The History of Fuller’s Earth Oil Regeneration

There are several methods of regeneration (restoration) of used and contaminated transformer insulating oil.  Some of the methods include:  oil purification with zeolites cleaned in a filter press, cleaning and drying in a centrifuge, vacuum drying, and the adsorption process.

The “Adsorption Method” is the most effective and least complicated way of purifying and regenerating transformer insulating oil.  The essence of the process is the passage of oil through one layer of sorbent that retains moisture and harmful particles in just one treatment cycle.

The adsorbent method uses adsorbent materials that have a high level of filtration performance and are capable of holding molecules of several different substances.

The “Fuller’s Earth” adsorbent material is a very common kind of clay that has the ability to remove harmful contaminants from vegetable or mineral oils and fats.  The Fuller’s Earth adsorbent material has been accepted as the highest standard of filtering quality when using technologies designed for the recovery and purification of industrial oils.

The active components of Fuller’s Earth are widely used in petrochemical industries worldwide.  Additionally, Fuller’s Earth is quite successfully used in the construction and pharmaceutical industries as well thanks to the specific properties that enable the sorbent materials to adsorb and remove a wide range of unwanted fluids and contaminants.

In past centuries, the use of Fuller’s Earth was very different from the modern day usage of this unique and versatile material.  The initial application of Fuller’s Earth, for the extraction of oil and other fatty impurities from wool fabrics in the finishing process, gave Fuller’s Earth its modern name.  It also applies to the clay that can absorb harmful particles that serve as an antiseptic or bleach the fabric.
Fuller’s Earth was used for the first time in the United States for purification of vegetable oils in starting in 1878.  In modern day industry, Fuller’s Earth continues to be used to purify new transformer oil before being placed into service.  The Fuller’s Earth adsorbents can remove moisture, gases and other noxious particles from the insulating oils.   Using a Fuller’s Earth regeneration process is a perfect filtering medium for restoring the performance characteristics and properties of used and contaminated transformer insulating oils.

Not only do unwanted gases and moisture accumulate inside transformer oil, but so does insoluble particulate matter.  During the course of its operations, the electric power transformer will be subjected to the influences of high and low temperature extremes, unclean air, and water from the outside environment.  The exposure to these harsh environmental conditions promote the formation of sediments and sludge.

Microparticles that provoke and facilitate the oxidation process of oils become aggressive and dangerous for the transformer’s solid cellulose insulation.  These unwanted contaminants can freely pass through the various filters and attach themselves inside the solid insulation eventually destroying the very heart of the transformer.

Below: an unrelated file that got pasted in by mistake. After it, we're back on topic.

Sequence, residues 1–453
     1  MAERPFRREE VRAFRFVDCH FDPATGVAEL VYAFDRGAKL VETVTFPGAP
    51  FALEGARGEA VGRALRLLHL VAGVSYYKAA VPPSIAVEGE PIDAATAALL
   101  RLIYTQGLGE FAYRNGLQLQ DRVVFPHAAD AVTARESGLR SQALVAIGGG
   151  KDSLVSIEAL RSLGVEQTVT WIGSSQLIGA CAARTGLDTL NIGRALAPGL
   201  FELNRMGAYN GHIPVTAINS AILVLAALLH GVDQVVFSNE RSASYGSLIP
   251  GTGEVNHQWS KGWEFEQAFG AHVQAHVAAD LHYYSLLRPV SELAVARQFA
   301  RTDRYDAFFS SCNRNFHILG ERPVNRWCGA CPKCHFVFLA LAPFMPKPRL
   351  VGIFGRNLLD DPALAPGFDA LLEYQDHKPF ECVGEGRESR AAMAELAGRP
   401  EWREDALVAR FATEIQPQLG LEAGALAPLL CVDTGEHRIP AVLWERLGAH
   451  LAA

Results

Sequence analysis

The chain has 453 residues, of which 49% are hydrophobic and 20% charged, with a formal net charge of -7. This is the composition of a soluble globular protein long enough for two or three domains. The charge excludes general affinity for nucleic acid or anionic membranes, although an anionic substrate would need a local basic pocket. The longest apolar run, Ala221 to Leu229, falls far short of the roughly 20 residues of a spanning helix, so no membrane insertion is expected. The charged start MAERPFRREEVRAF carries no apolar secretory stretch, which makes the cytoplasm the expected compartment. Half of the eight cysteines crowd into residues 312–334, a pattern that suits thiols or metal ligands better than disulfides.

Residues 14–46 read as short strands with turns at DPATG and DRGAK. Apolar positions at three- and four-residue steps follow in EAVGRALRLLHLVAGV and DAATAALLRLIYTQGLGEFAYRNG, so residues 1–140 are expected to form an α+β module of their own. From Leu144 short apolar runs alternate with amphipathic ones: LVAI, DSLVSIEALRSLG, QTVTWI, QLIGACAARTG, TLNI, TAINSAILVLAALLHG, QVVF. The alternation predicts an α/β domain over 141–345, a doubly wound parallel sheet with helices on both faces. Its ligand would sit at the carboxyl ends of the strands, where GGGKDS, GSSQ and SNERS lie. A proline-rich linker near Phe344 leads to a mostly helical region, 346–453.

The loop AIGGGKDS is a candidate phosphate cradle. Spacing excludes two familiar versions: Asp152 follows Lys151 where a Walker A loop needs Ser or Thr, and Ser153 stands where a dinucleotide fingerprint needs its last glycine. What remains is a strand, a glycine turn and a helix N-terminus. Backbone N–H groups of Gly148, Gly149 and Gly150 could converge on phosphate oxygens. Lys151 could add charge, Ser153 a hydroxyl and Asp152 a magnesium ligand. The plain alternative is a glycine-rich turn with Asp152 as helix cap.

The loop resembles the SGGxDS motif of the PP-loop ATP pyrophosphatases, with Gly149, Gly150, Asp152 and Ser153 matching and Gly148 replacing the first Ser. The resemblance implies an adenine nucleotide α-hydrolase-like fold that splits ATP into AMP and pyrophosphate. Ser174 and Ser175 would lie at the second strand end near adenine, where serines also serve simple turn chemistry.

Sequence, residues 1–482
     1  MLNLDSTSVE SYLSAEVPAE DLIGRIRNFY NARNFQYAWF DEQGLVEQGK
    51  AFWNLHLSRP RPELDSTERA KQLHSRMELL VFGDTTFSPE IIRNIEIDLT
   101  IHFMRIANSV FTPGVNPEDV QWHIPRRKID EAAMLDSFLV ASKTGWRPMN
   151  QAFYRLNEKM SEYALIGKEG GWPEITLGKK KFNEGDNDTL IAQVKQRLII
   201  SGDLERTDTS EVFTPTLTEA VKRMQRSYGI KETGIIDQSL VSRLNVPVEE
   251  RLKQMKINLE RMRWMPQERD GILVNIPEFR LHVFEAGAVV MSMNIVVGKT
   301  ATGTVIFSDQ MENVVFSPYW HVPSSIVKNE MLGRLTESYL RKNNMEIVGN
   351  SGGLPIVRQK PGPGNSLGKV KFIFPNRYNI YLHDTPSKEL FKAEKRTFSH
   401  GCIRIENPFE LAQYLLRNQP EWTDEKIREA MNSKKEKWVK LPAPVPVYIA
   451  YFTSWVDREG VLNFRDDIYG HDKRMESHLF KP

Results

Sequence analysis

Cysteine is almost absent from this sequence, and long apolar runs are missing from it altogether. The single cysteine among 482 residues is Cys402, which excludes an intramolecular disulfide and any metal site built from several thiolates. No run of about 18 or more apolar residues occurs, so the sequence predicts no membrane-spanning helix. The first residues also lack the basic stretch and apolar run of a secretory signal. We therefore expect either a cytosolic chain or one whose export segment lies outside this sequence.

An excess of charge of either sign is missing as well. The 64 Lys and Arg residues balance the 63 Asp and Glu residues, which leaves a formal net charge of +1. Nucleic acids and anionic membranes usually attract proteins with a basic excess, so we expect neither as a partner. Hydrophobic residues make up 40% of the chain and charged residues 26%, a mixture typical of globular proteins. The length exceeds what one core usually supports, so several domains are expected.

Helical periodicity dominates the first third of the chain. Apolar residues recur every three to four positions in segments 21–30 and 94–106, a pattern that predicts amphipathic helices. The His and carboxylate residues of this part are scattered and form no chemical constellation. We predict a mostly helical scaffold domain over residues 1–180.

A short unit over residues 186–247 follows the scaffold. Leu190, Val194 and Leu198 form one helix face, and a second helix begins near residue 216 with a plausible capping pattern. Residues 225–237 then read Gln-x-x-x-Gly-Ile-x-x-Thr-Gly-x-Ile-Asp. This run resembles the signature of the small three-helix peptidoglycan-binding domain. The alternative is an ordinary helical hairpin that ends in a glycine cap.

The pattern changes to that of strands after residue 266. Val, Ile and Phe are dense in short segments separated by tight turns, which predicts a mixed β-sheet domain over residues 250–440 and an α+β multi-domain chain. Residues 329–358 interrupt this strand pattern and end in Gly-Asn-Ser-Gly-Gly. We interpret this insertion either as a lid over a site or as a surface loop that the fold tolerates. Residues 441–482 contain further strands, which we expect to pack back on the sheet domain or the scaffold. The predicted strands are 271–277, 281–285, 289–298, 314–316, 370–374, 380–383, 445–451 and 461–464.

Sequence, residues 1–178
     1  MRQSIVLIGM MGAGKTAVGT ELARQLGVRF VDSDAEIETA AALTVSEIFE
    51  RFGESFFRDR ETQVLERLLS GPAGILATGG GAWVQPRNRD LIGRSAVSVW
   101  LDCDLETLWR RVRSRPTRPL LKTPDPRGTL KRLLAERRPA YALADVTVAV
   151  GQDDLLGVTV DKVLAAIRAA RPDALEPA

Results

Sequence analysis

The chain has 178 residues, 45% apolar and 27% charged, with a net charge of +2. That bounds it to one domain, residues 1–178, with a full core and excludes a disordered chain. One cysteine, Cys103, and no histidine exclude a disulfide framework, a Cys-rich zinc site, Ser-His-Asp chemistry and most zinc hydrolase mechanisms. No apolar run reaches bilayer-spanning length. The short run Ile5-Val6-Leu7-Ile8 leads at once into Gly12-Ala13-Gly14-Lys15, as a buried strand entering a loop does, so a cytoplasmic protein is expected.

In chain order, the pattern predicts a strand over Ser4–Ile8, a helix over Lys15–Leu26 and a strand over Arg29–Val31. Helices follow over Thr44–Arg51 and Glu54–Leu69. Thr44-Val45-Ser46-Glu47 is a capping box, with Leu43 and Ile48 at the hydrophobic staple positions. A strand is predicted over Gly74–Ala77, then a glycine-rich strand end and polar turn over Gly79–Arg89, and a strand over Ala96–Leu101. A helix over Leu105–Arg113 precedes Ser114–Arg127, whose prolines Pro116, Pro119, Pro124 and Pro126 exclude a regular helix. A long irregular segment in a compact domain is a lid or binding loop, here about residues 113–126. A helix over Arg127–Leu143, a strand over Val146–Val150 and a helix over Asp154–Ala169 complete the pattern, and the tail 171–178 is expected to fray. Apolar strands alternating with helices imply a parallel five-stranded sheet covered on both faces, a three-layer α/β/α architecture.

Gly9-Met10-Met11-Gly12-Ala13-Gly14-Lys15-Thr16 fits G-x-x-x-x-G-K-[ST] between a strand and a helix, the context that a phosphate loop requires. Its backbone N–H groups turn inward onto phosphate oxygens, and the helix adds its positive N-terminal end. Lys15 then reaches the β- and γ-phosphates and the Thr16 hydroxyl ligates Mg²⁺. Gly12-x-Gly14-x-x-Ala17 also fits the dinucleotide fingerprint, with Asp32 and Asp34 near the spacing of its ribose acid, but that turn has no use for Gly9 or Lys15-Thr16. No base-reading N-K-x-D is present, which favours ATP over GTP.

The use of adsorbents, and in particular Fuller’s Earth, make it possible to prevent these harmful and unwanted contaminants from causing damage to the transformer’s solid insulation.  The GlobeCore Process, utilizing Fuller’s Earth, will completely stop the solid insulation degradation process, and if initiated early enough in your preventive maintenance program, will prevent it all together.

Thanks to sufficiently large surface pores found in Fuller’s Earth adsorbents, the Fuller’s Earth is fully capable of holding sulfonates, resins and asphaltenes with a high molecular weight.

Oil regeneration, using Fuller’s Earth, is a process is that removes the contaminated oil directly from the transformer.  It is fed to the regeneration unit for cleaning, processing and complete regeneration.  At the completion of the process, the oil is restored to new like condition.

The color of the oil itself is not the only defining characteristic of transformer insulating oil. It does however, work as an indicator of adverse or good changes in the oil. For example, if the color of the transformer oil has changed from yellow to orange or red, it indicates the oil is contaminated and might have a dangerous acid number.  A dangerous, high acid number means that the solid insulation could be damaged and  suffer a catastrophic failure.

A dark color can also indicate sludge that is formed as the oil slowly oxidizes due to water and other harmful contaminants increasing in volume in the unclean oil.  Once the contaminants become dissolved in the oil during the oxidation process, the oil’s color gradually changes to red.  The sludge deposits continue to oxidize and gradually harden and begin blocking the vents and insulating materials.

Before your transformer insulating oils become darkened, filled with sludge, and and harmful contaminants, is the time to clean the oils with a modern and efficient Fuller’s Earth oil processing system.  For complete purification and regeneration of your transformer insulating oils, the GlobeCore Process offers the most modern, efficient, and cost cost effective way of extending the service life of your electric power transformers.

It’s time to get with the Process.  The GlobeCore Process!

обновлено: April 16, 2015 автором: globecore